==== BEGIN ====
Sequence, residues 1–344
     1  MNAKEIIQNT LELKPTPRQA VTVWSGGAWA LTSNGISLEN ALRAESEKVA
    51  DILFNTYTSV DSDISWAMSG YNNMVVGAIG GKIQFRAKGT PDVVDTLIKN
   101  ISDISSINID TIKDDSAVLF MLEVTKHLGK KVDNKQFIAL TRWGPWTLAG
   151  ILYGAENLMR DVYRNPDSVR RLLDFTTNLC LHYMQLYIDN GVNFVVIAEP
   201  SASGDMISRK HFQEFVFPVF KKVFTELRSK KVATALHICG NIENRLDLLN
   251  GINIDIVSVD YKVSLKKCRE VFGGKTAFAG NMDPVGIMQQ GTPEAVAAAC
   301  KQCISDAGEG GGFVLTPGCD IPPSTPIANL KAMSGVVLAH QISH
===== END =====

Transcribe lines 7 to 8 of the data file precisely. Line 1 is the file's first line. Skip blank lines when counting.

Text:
   251  GINIDIVSVD YKVSLKKCRE VFGGKTAFAG NMDPVGIMQQ GTPEAVAAAC
   301  KQCISDAGEG GGFVLTPGCD IPPSTPIANL KAMSGVVLAH QISH